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Wednesday, February 23, 2011

Wash sales and worthless stock

Wash sales are a term given to the repurchase of securities such as stocks within 30 days prior to and following the selling of securities at a capital loss i.e. at a price lower than the price purchased. Such sales may be implemented to avoid 'worthless' securities transactions despite the wash sale rule. The wash sale rule is implemented by the U.S. Internal Revenue Service that disallows tax benefits usually afforded to financial losses incurred through capital loss on investments.

The tax benefits lost due to a wash sale may be regained at a later time through a basis adjustment in which the loss on the sale of a financial instrument is added to the purchase price of the wash purchase. (www.fairmark.com) This is an important adjustment to note as overlooking it within a given tax year could lead to an over reporting of capital gains. The Kiplinger video below explains how the wash sale rule works and is used for tax purposes:

Calculating disadvantages of the wash sale rule

If the tax savings loss is greater than the potential capital gain incurred through an upward price movement following a wash sale, then the wash sale may not be profitable. In other words, for a wash sale to be financially prudent the repurchasing of securities should ideally lead to a profit greater than the tax savings incurred through a tax deduction on the loss of sale. To calculate the potential worth of a wash sale following specific steps may be helpful.

• Identify tax bracket
• Estimate adjusted gross income after the sale of securities
• Calculate tax savings using adjusted gross income estimate and tax bracket 
• Forecast potential capital gain on wash sale 
• Subtract estimated tax savings from forecasted capital gain

Securities affected and not affected by the wash sale rule

Wash sales do not apply to every exchange of securities within a 60 day period. In the case of certain financial instruments, the repurchase of securities either 30 days before or after a sale are not considered wash sales. Furthermore, according to the IRS, wash sales do not apply to the following items (www.irs.gov)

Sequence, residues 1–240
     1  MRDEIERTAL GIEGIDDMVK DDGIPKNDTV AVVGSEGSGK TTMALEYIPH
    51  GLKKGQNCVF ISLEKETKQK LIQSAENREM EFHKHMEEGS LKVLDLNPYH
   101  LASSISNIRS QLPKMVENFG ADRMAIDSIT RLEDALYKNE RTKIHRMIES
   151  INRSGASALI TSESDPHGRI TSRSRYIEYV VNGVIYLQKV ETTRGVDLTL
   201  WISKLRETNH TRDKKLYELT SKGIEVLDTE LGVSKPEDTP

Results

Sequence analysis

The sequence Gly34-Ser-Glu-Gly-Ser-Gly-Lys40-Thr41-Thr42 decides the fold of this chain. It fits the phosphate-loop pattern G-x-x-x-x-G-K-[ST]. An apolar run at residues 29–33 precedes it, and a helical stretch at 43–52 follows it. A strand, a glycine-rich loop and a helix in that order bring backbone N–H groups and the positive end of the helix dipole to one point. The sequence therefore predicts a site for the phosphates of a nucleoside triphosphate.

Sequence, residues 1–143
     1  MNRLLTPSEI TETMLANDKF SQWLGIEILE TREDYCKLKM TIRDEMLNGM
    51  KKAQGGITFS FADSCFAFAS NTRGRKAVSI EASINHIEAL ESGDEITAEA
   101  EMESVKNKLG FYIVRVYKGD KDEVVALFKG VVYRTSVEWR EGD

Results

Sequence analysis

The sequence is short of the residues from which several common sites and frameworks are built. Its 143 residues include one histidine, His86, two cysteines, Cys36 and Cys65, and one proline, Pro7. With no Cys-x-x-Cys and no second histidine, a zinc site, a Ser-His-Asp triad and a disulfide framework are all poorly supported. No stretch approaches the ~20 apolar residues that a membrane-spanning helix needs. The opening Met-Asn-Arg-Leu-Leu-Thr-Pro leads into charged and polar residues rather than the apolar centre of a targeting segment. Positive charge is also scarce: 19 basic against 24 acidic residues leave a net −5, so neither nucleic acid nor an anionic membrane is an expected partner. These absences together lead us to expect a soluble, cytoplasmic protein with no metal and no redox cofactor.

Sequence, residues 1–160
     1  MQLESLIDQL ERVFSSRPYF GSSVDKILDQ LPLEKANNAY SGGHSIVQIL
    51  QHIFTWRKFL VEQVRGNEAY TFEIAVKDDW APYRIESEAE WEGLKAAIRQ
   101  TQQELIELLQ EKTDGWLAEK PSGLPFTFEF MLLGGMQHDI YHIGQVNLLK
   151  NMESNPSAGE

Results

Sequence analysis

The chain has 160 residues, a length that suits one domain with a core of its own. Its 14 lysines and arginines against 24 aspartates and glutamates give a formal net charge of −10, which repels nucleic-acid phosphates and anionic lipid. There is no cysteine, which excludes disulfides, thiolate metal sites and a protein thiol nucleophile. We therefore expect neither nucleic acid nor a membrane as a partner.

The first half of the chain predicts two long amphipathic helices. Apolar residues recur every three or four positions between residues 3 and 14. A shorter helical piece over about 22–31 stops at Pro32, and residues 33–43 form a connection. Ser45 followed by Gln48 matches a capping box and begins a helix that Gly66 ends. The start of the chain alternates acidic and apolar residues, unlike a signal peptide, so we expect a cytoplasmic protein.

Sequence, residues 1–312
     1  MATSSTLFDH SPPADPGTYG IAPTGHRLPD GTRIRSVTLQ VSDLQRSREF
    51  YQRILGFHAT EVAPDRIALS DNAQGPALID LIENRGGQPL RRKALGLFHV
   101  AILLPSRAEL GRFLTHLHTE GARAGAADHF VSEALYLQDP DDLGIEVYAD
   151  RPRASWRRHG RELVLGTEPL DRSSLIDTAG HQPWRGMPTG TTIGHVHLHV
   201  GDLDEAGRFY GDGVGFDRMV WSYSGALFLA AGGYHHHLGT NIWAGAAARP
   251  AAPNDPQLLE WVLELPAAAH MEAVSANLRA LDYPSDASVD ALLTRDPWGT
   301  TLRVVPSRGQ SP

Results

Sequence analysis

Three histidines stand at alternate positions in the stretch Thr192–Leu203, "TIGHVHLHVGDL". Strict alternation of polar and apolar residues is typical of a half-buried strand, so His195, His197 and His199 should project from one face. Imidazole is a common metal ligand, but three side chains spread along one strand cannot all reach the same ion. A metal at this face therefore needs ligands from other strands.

Financial Instruments not affected by the wash sale rule:

•Foreign exchange purchases and repurchases
•Futures contracts
•Non-equity options
•Dealer equity, or securities futures contracts

Financial Instruments affected by the wash sale rule:

• Purchase and sale of stocks through an individual retirement account (IRA)
• Sale of stocks through an options contract
• Purchase of similar types of securities ex-stocks of two similar oil companies
•Options contracts involving repurchase of the same stock

Wash sale tips

When entering into a wash sale a few considerations may be useful in one's financial management strategy. A few of those tips are provided below with the purpose of clarifying the potential benefits and disadvantages of wash sales.

• Time of year: If the wash sale takes place early in the fiscal year, the cost basis adjustment may offset the tax loss if a cost adjusted capital gain of equal proportion to the capital loss is incurred. Additionally, since wash sales only apply within a 60 time period, adjusting securities purchases outside of this time frame may be beneficial.

• Type of security: In the case FOREX and futures securities transactions the wash sale rule may not have an impact in which case such purchases and sales may have less tax implications

• Size of transaction: Depending on the size of the transaction the wash sale rule may incur relatively little or larger financial impact. For example, 1) a forgone capital loss that may have lowered tax filing bracket, 2) a large enough transaction in which the tax benefit loss is significant

• Investment & Tax strategy: Incorporating the potential for wash sales into one's investment and tax strategies can be useful in maximizing gains and minimizing losses. Considering the potential implications of purchases may lead to a more developed approach.

The wash sale rule is a part of the U.S. federal tax code and disallows tax benefits for the loss of various securities such as stocks and option contracts in the event an additional purchase of that or a similar security takes place within a 60 day time frame. Certain limitations exist for this rule including the basis adjustment calculation and purchase of securities not included in the wash sale rule. 

Calculating the potential loss from a wash sale involves the estimation of adjusted gross income, tax bracket, potential tax savings and capital gains and losses. Incorporating and understanding the rules of the wash sale into one's overall investment and tax strategy can be a useful in one's individual financial planning.


1. http://www.irs.gov/publications/p3991/ch01.html
2. http://www.fairmark.com/capgain/wash/ws101.htm
3. http://www.irs.gov/pub/irs-pdf/p550.pdf